On a global semester in 1972 with 33 St. Olaf College students, Claire Joan Ericksen’s calm smarts and ingenuity avoided possible chaos and trouble in an Ethiopian town ravaged by smallpox and at the Indian border where the group was denied entry.

A bus driver abruptly halted the Ethiopian trip, forcing an unplanned overnight stay in a disease-riddled village with no place to stay. Ericksen “went with the flow and managed us and helped us sleep on the bus,” said Helene MacCallum, one of the students in the group.

Later, Indian border officials refused visas to some in the group out of concern they were spies, MacCallum said. Ericksen rerouted the entire group to Ceylon, now Sri Lanka, rebooking flights and wrangling visas for extended study there.

Ericksen, 88, who died Oct. 28 of natural causes in Northfield, traveled the world three times over with her husband Jerry, a retired St. Olaf psychology professor and current golf coach at Carleton College.

Jerry Ericksen said his wife, whom he met while she was studying art and English at the University of Minnesota, filled her life so much with people that he figured she’d watched no more than an hour of TV her entire life.

In 1969, Claire Ericksen founded what became the Northfield Day Care Center. She compiled two books from the collected observations of the children there, “A Monster is Bigger than 9” and “I have a Grandma Named Great,” and maintained decadeslong connections with the children and St. Olaf students.

“We feel like we’re losing our matriarch with Claire,” said MacCallum, who went on to lead St. Olaf’s international studies office after college. She said that about half the members from the global semester gathered in June for a final reunion with Ericksen.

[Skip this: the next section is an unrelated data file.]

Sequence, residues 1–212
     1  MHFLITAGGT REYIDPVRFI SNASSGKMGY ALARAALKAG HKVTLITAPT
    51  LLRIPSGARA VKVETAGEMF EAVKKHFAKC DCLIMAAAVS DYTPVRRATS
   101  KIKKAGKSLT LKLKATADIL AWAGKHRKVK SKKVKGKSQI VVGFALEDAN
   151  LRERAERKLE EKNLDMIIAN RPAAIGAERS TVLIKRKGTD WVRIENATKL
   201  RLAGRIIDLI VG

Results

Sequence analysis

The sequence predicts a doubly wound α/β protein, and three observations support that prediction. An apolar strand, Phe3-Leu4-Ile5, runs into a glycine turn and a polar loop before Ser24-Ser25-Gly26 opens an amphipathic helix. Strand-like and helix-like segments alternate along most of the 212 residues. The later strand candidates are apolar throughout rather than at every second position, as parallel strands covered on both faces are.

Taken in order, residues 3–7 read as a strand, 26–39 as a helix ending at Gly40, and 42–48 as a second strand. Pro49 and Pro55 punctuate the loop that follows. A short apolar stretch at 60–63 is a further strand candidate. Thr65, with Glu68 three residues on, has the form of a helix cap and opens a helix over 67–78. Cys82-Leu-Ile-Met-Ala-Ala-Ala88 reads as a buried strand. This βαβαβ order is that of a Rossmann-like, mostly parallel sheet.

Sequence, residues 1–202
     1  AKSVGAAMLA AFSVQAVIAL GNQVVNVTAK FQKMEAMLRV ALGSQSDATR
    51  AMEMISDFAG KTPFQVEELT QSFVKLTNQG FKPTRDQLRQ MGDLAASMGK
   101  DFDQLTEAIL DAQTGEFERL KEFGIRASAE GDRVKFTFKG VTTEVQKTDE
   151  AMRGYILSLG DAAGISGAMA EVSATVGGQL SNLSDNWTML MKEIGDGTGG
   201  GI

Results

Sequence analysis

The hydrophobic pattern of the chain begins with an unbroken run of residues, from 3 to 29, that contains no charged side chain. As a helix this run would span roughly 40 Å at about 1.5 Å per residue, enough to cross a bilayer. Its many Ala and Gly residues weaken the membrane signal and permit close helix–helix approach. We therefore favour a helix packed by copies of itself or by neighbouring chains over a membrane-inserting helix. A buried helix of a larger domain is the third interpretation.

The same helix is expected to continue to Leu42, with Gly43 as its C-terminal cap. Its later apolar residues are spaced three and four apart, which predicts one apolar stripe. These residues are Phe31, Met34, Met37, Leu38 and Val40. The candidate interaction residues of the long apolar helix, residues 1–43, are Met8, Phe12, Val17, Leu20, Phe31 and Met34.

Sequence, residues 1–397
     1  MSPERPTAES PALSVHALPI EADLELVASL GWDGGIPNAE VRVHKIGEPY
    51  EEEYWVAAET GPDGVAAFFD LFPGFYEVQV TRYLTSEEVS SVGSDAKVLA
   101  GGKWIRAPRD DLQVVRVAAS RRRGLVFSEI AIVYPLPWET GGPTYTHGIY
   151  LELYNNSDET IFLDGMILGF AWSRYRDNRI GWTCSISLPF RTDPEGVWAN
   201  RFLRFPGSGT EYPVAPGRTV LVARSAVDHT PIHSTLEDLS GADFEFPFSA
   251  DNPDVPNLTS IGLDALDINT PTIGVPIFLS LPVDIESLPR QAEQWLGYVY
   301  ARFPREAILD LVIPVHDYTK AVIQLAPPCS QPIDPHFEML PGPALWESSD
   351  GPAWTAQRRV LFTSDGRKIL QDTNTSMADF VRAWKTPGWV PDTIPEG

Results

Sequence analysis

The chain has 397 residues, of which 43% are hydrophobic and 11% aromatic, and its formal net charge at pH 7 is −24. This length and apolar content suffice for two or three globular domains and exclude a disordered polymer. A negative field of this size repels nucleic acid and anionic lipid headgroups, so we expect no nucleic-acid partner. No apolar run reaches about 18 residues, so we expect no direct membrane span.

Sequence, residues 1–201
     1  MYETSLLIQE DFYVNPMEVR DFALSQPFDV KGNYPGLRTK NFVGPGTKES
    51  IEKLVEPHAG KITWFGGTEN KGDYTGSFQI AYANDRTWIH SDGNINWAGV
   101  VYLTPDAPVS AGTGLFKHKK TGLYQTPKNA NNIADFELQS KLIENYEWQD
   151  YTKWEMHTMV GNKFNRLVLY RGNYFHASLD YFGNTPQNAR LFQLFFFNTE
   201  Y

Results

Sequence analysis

During that five months of travel in 1972, she said, the students spoke to their families on the phone only once. She said Ericksen “was there for us if we needed it, but she and Jerry didn’t lead with a heavy hand.”

According to an obituary written by her children — Karl, of Northfield, and Joan, a U.S. District Court judge based in Minneapolis — Ericksen dedicated her “prodigious talent” to her family and the Northfield community.

“Passionate about social justice, Claire believed in people and ideas rather than things,” they wrote. “She cooked without a recipe and sewed without a pattern; she played the piano without music and traveled the world without a map. A clear-eyed romantic, she created a beautiful life of music, art, literature, friends, and gentle laughter.”

Ericksen, an accomplished pianist, played requests as a volunteer at Three Links Care Center in Northfield. She was an artist who favored watercolors, and her work, like everything she did, “sparkled with creativity,” her children wrote.

The Ericksens, who were married for 65 years, also had their quieter nightly traditions at home: a card game they learned in China, a round of Scrabble and a single Trivial Pursuit card before bedtime. Until a month ago, they kept a tradition of going out weekly to split a hot fudge sundae.

Besides her husband and two children, Ericksen is survived by her granddaughter Claire, whom she taught to ride a horse, and her grandson John, whom she taught to shoot a bow and arrow. A celebration of her life will be held from 5 to 6:30 p.m. Wednesday at Imminent Brewing, 519 Division St. S., Northfield.

“She would like people just to have a nice time, to get together and visit,” Jerry Ericksen said.